Scouted and signed by Gene Michael, the Core Five, composed of Bernie Williams, Andy Pettitte, Jorge Posada, Derek Jeter, and Mariano Rivera all were bred from the same ilk as George Steinbrenner. Take no prisoners; we’re only here to win. Four World Championships in five years and the term Evil Empire was coined.
There Are No Saints In The Baseball HOF
George Steinbrenner was no saint. He had a penchant for firing managers on a whim. Billy Martin alone was hired and fired five times. Steinbrenner also had this “thing” about Dave Winfield, at one point going to the extreme of hiring a known gambler, Howie Spira, $50,000 to spy on Winfield.
And then, there were those questionable contributions Steinbrenner made to the Nixon campaign at the height of the Watergate scandal.
On April 5, 1974, Steinbrenner was indicted on 14 criminal counts. He later pleaded guilty to two and was fined $20,000. Aha, we’ve got him now.
And sure enough, Commissioner Bowie Kuhn took pleasure in handing down a lifetime suspension from all baseball activity on Steinbrenner. Later, the suspension was lifted, but the stain remained as a vehicle to point at Steinbrenner as a man of ill character for those who wished to do so.
Let He Who Casts The First Stone…
We take these things, and we ponder how they relate to membership in the Baseball Hall of Fame. We choose to view the snapshots or the picture as a whole. Either way, our subjective nature gets the best of us.
Ted Williams once spit on a fan. Ty Cobb was a pitiful excuse for a man both on and off the field. Mickey Mantle wasted much of his God-given talent carousing the streets of Manhattan, chasing women and guzzling scotch. Ditto Babe Ruth.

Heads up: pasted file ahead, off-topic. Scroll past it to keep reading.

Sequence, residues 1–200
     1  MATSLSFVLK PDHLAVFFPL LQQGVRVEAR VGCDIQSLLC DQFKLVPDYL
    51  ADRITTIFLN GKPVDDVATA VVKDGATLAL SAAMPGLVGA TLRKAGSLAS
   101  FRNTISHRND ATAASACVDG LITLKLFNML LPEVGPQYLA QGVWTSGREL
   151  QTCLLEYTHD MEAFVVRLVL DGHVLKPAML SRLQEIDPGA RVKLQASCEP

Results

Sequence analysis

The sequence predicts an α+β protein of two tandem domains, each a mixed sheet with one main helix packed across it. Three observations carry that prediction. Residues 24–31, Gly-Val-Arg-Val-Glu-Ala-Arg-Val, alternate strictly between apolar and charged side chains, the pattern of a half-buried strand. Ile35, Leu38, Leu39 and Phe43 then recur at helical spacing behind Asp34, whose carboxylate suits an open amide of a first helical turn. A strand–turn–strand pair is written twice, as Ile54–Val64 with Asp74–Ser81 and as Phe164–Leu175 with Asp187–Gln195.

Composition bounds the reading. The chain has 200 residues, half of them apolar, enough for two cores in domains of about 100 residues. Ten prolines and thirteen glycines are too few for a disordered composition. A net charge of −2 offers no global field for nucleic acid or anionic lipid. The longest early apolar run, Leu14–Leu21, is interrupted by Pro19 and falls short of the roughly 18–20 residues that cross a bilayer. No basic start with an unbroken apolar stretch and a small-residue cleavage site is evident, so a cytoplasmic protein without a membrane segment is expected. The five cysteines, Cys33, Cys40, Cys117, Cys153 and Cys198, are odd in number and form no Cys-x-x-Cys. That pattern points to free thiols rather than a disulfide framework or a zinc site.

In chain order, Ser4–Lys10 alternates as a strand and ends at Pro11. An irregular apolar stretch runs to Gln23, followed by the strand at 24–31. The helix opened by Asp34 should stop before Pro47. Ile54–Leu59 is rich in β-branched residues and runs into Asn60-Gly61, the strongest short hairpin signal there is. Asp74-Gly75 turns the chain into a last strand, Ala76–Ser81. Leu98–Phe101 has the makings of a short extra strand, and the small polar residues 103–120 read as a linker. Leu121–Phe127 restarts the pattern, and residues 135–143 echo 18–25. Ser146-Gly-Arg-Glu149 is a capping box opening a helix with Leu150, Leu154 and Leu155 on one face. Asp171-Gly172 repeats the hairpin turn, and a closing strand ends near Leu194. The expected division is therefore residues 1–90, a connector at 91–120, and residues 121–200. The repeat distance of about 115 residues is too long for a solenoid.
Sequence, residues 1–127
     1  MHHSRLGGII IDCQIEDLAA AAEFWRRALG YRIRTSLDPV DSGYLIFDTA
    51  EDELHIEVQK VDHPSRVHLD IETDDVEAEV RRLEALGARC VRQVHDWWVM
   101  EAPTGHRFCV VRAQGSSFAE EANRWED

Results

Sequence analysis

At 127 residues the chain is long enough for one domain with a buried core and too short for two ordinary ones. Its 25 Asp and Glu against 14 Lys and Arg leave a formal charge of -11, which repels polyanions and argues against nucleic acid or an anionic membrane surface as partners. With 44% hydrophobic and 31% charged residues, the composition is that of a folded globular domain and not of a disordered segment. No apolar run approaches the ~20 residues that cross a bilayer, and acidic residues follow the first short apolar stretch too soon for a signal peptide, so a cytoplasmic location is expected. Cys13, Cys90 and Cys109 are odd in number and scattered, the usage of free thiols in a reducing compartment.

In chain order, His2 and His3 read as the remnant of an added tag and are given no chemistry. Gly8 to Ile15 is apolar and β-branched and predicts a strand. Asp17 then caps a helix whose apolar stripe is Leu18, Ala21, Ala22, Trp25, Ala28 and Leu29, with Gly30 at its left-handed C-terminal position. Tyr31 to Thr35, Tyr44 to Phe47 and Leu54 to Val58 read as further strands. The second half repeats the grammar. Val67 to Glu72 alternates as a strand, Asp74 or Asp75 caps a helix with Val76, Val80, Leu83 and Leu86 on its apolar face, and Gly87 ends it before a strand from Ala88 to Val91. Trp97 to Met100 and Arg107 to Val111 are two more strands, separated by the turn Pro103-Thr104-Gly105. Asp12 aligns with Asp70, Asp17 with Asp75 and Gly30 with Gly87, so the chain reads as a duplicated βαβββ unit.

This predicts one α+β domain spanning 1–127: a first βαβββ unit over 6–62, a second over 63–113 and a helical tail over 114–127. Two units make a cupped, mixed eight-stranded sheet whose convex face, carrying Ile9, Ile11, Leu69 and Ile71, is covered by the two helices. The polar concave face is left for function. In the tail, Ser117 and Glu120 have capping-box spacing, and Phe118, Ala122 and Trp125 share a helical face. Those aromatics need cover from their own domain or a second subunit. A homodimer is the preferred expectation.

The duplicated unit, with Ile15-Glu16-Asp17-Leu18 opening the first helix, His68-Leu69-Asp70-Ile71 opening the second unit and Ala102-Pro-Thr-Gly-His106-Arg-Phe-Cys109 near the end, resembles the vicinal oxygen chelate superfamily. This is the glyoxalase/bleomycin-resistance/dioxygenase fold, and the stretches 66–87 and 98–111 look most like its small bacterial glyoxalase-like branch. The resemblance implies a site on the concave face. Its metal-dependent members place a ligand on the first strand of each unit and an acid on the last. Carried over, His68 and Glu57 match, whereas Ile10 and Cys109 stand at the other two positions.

Tris Speaker was a proud member of the Klu Klux Klan. The Boston Red Sox, owned by Tom Yawkey, did not field their first black player until 1959. Orlando Cepeda served ten months in prison after being arrested in 1975 for smuggling marijuana in Puerto Rico. And the list goes on.
For reasons other than infamy, each of these men is in the Hall of Fame. As the noted baseball historian, John Thorne, reminds us, “Plaster saints is not what we have in the Hall of Fame, many were far from moral exemplars.”
As strong as that argument is to include George Steinbrenner in the Hall of Fame, it has a negative slant. Instead, the focus should be on Steinbrenner’s construction of a baseball franchise from the ruins of CBS’s ignorance of baseball and indifference as owners.
From the creation of baseball’s first home-owned television network (YES) to the construction of the new Yankee Stadium, George Steinbrenner, in his own words, “never gave up trying.”
It is often said the best form of praise is mimicry. Except for the “cookie-cutter” stadium explosion in the 1970s, new ballparks are sprouting up at a record pace. Every major league enjoys record profits from televising all of their games.
George Steinbrenner did it “His Way.” He built ships, and then he built a baseball franchise that is the envy of all in the business. It’s time to remove the word “envy” from the conversation about Steinbrenner, realizing instead what he accomplished for baseball, and more significantly, for the city of New York.
It’s also an injustice to weigh Steinbrenner against the framework of baseball as it exists today, where revenue for the sport soars to $10 billion a year. In a time when everyone associated with the game, whether it’s teams, owners, players, networks, or MLB itself, make heaps of money and profit, in many cases without even trying – and simply because it’s there for the taking.
George Steinbrenner was a man flying solo. He never gave up trying, and he never made a dime he didn’t earn.
He’s no longer around to make the pitch for himself. But if you want to get a glimpse into the man and what made him tick, there’s no better place to start than with this video taken from a “60 Minutes” piece by Ed Randall in 1987: